Think about whether this really is the right time for you to buy a puppy. Do you have an enclosed yard for the dog to play in? Is someone home enough of the time that the dog will receive attention every day? Are your kids old enough to treat a delicate young puppy right, even if you are not there to protect the pup? My experience has been that children under the age of 5 simply can not understand how gentle they must be with a young puppy. Kids of that age can also easily get knocked down by an exuberant 6 month old Cocker. They may even unintentionally provoke the dog, which can result in being growled at or even bitten by even the nicest and most friendly Cocker.
If you have young kids, or live in an apartment, or spend way too much time at work these days... think about waiting on your dream of owning a Cocker for a little while until the time is really right. Your life will progress and the right time will come.
Beware of breeders that will not allow you to look around their kennels. Some breeders won't ever let you see where the dogs are kept. If the breeder brings a puppy out to you, but won't let you see where the rest of the dogs are... this is a red flag. They may have something to hide... such as dogs being kept in dirty or cramped conditions. Some breeders go so far as to offer to meet you in a neutral location away from their home so that you never see the conditions the dogs are kept in. Beware!
In the United States, ask the breeder if the puppies are registered with the American Kennel Club. In Canada, it should be the Canadian Kennel Club. It's usually a red flag if the breeder has registered the puppies with a different organization, or has not registered them at all. Puppy mills and other bad breeders who have been banned from the American Kennel Club will sometimes register their dogs with other kennel clubs in an attempt to look legitimate. Be VERY skeptical. Another red flag to look for: if they accept credit cards for purchasing puppies! This usually tells you that making money off their dogs is the main reason they are breeding puppies.
Make sure that you realize what you are getting yourself in to: The Cocker is a long-haired breed whose coat
will require a lot of care. You're going to need to brush your Cocker and give him a bath on a regular basis.
You're going to need to either purchase electric clippers and give your Cocker a hair cut at least every other month, or
pay someone to do this for you. If this is a problem for you, I've got two little words for you: Basset
Cockers are also prone to ear infections, due to the fact that they have a big furry ear that hangs down over the ear canal and blocks air from circulating inside. You need to be willing to do the weekly ear cleaning if necessary.
Also, are you financially prepared for all of this? The initial purchase price is just the beginning. Are you prepared for the cost of spaying or neutering your dog? What about if the dog gets a cherry eye and you have to come up with $300 or so for surgery to repair it? Don't forget the cost of immunizations, food, flea control products, grooming services or grooming equipment, and it goes on and on!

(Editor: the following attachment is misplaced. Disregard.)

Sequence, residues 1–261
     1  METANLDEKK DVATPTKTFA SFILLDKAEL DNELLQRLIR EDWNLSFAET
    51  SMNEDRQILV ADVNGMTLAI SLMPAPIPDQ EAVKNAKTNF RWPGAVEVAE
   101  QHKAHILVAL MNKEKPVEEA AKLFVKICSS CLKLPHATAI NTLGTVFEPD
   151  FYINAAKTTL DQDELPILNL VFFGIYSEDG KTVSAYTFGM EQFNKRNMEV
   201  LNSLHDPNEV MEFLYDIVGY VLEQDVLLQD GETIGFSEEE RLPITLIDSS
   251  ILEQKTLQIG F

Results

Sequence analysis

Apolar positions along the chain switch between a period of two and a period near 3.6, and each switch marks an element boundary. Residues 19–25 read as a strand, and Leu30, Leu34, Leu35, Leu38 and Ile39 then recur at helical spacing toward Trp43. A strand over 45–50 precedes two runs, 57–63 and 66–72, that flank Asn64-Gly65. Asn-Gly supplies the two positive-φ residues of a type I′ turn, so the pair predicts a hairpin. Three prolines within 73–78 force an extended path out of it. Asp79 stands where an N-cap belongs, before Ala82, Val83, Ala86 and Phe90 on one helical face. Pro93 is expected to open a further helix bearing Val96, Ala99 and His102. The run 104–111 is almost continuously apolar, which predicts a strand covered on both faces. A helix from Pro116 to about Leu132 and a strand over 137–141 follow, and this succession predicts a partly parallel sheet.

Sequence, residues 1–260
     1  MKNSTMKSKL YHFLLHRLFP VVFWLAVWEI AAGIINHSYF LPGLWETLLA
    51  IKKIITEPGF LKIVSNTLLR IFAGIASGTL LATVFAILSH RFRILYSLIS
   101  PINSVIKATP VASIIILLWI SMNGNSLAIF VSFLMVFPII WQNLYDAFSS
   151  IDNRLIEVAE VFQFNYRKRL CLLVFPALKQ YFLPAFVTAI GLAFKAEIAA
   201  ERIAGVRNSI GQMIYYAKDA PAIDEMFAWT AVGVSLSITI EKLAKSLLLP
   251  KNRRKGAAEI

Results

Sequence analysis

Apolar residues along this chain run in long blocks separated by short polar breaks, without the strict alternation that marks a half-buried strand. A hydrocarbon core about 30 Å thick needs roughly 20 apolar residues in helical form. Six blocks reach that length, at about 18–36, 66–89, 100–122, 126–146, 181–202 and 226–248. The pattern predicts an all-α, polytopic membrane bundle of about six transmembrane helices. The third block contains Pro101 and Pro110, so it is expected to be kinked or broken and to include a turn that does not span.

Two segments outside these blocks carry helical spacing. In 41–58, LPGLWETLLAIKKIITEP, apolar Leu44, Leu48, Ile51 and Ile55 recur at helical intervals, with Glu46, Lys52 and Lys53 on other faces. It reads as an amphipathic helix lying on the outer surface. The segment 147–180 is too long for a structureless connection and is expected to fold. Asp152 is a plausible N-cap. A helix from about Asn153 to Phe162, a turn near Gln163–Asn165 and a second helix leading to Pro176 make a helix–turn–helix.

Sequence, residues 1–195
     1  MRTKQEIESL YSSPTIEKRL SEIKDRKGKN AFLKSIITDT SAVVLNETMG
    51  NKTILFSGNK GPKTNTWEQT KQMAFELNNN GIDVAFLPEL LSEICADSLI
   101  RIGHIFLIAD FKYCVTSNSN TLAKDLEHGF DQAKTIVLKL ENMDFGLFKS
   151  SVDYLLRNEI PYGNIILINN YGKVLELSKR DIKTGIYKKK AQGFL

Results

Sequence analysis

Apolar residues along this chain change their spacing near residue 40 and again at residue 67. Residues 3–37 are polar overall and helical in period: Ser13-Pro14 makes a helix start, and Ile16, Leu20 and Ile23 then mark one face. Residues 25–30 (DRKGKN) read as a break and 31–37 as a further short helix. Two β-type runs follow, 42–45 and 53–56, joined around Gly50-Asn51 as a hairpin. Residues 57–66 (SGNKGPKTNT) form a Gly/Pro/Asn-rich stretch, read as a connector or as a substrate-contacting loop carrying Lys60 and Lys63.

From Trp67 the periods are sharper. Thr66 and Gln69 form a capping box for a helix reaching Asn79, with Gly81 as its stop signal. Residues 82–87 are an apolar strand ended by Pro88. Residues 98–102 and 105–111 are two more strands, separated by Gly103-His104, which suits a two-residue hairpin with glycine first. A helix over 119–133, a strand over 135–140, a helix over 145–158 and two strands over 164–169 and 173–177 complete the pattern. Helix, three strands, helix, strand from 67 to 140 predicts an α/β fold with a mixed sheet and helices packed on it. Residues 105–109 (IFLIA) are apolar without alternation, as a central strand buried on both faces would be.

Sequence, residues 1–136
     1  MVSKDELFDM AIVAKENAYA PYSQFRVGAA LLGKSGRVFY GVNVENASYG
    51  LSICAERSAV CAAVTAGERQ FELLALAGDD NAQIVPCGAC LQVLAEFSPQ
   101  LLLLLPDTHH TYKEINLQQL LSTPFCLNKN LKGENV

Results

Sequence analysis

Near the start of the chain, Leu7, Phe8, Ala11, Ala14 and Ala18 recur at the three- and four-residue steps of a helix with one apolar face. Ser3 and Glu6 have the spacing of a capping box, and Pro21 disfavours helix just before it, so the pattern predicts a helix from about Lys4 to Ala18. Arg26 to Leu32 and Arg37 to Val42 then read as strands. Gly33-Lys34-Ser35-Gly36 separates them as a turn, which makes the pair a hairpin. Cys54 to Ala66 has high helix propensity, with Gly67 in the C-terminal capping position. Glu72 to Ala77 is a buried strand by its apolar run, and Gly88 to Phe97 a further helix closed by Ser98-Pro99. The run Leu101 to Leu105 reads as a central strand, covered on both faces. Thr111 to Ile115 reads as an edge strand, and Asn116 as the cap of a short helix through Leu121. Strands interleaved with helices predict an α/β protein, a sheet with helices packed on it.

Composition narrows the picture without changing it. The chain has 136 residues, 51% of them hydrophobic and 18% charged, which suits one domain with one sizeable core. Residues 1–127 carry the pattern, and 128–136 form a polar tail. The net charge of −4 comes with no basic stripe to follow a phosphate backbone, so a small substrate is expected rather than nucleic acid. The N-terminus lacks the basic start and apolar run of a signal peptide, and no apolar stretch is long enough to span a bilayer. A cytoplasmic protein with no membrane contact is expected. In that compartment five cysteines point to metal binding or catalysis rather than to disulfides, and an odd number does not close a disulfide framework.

Don't get too worried if the puppy you are interested in seems to be "a chewer". You are only kidding yourself if you think you can find a puppy that doesn't chew things. ALL puppies chew things!
Now I'd like to share a couple of questions (and my answers) from people who had some concerns about getting a Cocker puppy...
Hi, I just visited your site and I was wondering if you could answer a couple of questions for me concerning cockers. I had a wonderful, sweet cocker as a child and I was thinking of getting another one for my girls (ages 6 & 2). Unfortunately, the one cocker that I know of now is not of the best nature. Is this the exception to the rule? Can I count on good blood lines to affect a puppy's temperament? Or, is it mostly in just how the puppy is reared?
There are a lot of Cockers out there with bad temperaments. You do have to be really careful where you get one from. There are several factors which can affect the temperament:
I've had two Cockers in the past, and both had some significant health problems. I want to get another Cocker puppy, but I want to make sure he comes from a healthy background. Any suggestions?
I think it definitely is possible to get a good quality and healthy Cocker these days… you just have to be careful about a few things. First off, and this probably goes without saying, you can't get one at a pet store… almost all those pups come from puppy mills, and it would be hard to find a much worse source for a puppy. You definitely have to deal direct with breeders, and spend some time asking them some questions to figure out if they are just cranking out puppies for the money or if they are truly putting an effort in to breeding high quality dogs.
The first thing to ask about is health testing on both parents. The good breeders will do OFA testing of the hips and CERF testing of the eyes of both parents to screen for genetic health problems. Just asking breeders if they do OFA and CERF testing is a great litmus test for breeders… if they say they don't do OFA and CERF tests (or if they don't even know what you are talking about) you know not to waste much more time with them and to move on to a different breeder. Generally, the breeders that go to the trouble and expense of doing OFA and CERF tests are also doing a whole host of other things right. They truly "get it" when it comes to breeding healthy puppies.
The other important thing to check on is the pedigree of each of the parents. It is unfortunate that some breeders (most often breeders in the show world) have bought in to this crazy idea called "linebreeding"… where you breed dogs that share a common relative, usually a successful show dog, in hopes of getting puppies with characteristics similar to the common relative. I think it's a great way to make puppies that look like a champion show dog, but I think it's a terrible idea if you are trying to make dogs that will be healthy for 14 or 15 years. In my opinion, genetic diversity is the way to go… breeding completely unrelated dogs. So, I recommend that you look at the pedigrees of the parents of any pup you are considering adopting… and making sure that there aren't any names that appear on both pedigrees.
I think if you follow that advice, you will be way far ahead of the
game and you will have vastly improved your odds of getting a dog that will live a long healthy life.
What else have I learned as a breeder of Cocker puppies? Read my tips on raising a Cocker puppy and my tips on potty training a Cocker puppy. You'll also find some useful information in my list of frequently asked questions.
If you're looking for a Cocker puppy right now, you can check our puppy page to see if we have a litter here now or due any time soon.